Holly Walker
Postgrad allowance cuts have not affected student numbers – yeah right

So Steven Joyce believes his decision to remove access to student allowances for postgraduate students has had no effect on the numbers studying. Really?

Appearing before a select committee yesterday, Tertiary Education Minister Steven Joyce said that this cut had made very little difference in university enrolment numbers around the country.

The issue is that we’ve got numbers that say the opposite.

When the Government first announced this policy, I was pretty sure this would result in a decline in student numbers as I knew there’d be many who wouldn’t be in the financial position to study at postgraduate level without access to an allowance, so I asked for enrolment figures from all eight universities.

All but one University showed a decline in postgraduate enrolments, which was against a general trend for these to increase each year before the policy was introduced. For example, Otago University has experienced a decline of 8.5% and Auckland University postgraduate enrolment numbers are down by 7.1%.

Removing postgraduate allowances shows the Government’s disregard for higher education. National is wasting the potential of some of the best and brightest people in New Zealand by limiting higher education to just those who can afford it. It’s clear how strongly people feel about this – when we launched an online submission to Steven Joyce asking him to reinstate postgraduate allowances, it was signed by over a thousand people in just a few days.

It’s shortsighted, and wrong, and for that reason I’ve drafted a member’s bill that would reinstate eligibility for student allowances to postgraduate students. It’s called the Education (Student Allowances Eligibility) Amendment Bill and it’s currently in the ballot.

I’m hoping that the bill will get pulled so that Parliament has the chance to debate this policy in full now that that evidence of the effect that it is having on postgraduate numbers is confirming just how harmful it will be.

8 thoughts on “Postgrad allowance cuts have not affected student numbers – yeah right

  1. So many cuts here and there needed to subsidize big (foreign) businesses, fill the gap caused by tax cut for riches, fixing NOVApay plus many other huge money wasted policies…

    Money has to come from somewhere, right? Let’s wait and see, further cuts will happen…

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  2. Otago international students are also down by the same amount, despite not being affected by this.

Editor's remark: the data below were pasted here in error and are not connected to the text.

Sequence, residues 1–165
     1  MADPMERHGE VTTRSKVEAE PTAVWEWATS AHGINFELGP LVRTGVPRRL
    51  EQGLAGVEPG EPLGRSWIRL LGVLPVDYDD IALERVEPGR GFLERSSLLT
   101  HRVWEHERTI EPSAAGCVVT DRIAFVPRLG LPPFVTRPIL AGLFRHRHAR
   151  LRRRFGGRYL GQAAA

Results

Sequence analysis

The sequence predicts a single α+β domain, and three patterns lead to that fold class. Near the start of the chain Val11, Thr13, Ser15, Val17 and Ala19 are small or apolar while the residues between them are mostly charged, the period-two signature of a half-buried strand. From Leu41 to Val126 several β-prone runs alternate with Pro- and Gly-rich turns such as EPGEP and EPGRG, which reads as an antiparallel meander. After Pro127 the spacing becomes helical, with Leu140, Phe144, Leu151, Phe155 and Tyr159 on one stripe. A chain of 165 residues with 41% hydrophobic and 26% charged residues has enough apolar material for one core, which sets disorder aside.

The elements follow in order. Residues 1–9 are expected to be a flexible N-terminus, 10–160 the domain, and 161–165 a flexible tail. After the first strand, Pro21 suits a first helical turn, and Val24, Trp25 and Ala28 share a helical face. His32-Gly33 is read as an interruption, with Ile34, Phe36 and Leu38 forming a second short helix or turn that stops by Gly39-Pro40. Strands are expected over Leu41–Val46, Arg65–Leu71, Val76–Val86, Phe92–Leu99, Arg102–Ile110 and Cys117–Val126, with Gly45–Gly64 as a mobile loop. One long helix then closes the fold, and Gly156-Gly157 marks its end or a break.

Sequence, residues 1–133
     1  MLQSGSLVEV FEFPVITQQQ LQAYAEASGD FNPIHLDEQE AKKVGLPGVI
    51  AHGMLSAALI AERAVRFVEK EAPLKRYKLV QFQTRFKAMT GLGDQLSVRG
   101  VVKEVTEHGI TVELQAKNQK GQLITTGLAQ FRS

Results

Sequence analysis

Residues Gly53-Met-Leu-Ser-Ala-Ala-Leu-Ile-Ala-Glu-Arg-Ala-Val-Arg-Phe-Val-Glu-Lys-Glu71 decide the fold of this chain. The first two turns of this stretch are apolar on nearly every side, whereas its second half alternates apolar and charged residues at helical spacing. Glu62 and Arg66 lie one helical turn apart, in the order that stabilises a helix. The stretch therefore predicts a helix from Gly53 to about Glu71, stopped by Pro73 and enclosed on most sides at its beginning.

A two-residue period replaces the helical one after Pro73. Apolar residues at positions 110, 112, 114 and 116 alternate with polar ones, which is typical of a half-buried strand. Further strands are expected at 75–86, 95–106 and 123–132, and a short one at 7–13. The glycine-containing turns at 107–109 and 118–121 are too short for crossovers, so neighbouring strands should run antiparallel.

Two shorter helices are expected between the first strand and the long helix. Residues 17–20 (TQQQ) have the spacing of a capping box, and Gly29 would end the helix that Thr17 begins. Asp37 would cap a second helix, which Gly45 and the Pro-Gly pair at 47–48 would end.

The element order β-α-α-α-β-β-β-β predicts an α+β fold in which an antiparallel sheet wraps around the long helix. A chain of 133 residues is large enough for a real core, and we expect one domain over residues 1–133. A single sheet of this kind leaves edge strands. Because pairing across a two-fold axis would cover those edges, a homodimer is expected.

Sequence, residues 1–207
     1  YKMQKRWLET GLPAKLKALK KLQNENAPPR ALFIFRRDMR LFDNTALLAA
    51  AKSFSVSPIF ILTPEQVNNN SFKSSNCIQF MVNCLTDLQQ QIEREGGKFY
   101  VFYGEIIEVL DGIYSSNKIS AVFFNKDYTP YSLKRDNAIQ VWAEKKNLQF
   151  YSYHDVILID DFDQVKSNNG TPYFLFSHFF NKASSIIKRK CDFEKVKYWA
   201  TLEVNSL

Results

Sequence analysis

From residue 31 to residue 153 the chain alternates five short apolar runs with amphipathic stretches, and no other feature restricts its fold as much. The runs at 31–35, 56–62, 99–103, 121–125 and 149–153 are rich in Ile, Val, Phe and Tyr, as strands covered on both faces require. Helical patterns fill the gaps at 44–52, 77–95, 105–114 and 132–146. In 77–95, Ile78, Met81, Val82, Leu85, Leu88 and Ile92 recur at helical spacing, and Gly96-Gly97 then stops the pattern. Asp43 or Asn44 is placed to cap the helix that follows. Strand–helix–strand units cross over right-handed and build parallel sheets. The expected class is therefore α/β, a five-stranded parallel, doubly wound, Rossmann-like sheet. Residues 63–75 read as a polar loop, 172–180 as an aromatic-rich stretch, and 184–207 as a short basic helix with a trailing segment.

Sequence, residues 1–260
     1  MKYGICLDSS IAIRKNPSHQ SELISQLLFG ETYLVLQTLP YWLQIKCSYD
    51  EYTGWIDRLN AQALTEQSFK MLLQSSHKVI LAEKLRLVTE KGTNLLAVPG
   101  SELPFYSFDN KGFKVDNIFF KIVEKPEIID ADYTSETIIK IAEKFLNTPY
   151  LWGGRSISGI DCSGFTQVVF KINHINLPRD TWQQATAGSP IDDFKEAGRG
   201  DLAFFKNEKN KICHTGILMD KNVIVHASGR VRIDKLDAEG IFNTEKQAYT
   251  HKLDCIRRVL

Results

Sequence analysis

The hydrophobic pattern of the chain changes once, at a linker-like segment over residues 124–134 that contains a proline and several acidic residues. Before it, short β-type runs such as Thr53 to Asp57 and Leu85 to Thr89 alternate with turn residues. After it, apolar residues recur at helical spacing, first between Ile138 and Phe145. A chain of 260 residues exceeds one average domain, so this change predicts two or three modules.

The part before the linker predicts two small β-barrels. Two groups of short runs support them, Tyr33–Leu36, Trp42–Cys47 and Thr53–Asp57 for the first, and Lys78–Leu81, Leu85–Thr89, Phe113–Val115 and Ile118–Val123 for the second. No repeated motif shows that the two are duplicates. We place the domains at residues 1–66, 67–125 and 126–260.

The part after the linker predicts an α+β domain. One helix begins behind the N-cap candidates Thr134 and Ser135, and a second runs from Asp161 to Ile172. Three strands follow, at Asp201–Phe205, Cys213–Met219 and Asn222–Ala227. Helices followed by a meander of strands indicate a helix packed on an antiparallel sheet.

Some of lower NZ student numbers is attributable to 38,000 new jobs in the last quarter, with unemployment for 20-24 year-olds dropping hugely (down 4% in just one quarter).

    And taxpayers spending on student allowances has gone up from $385m to $620m in just three years, during a recession, so it’s not as if the govt and taxpayers are spending much less than the previous govt – in fact just the opposite – we’re spending hundreds of millions more.

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  3. Education is really taking a slap in the face with all of these budget cuts. No wonder why Europe and China are going to be a reckoning force in the coming years.

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  4. The topic is post graduate student numbers.

    PS Of course there are more students in study during a recession – thus higher allowance cost. The government spends more on unemployment benefit during a recession too. A lower level of 20-24 year olds unemployed is not evidence that more have jobs (some could have moved to Oz etc).

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  5. That there is an increase in total student numbers yet fewer post graduate students demonstrates there has been an impact from the end to post graduate student allowances.

    The post graduate student numbers will only further decline as those already in post graduate study complete their course.

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  6. Photonz there are more unemployed during recessions and some of them choose to study – increasing total student numbers. Thus is why student allowance cost/spending goes up at such times (but otherwise the people would be on UB so it is not an actual increase in total spending just a a switch from UB).

    The higher spending is not a sign of government largesse but of a lack of jobs.

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  7. photonz, the number of 20-24 year olds unemployed falls each year when students go back to university.

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  8. SPC says “A lower level of 20-24 year olds unemployed is not evidence that more have jobs”

    It is when Stats NZ says “The employment rate for 20–24-year-olds rose over the year to March 2013″

    “In the year to March 2013, there was a large fall in unemployment for people aged 15–24 years (down 10,500). This fall can be largely attributed to a decrease in unemployed 20–24-year-olds (down 11,200). This was an atypical fall in unemployment, as the number of people unemployed for this age group usually increases during March quarters. The unemployment rate for people aged 20–24 years fell 4.1 percentage points to 10.9 percent – the lowest rate since the September 2009 quarter. “

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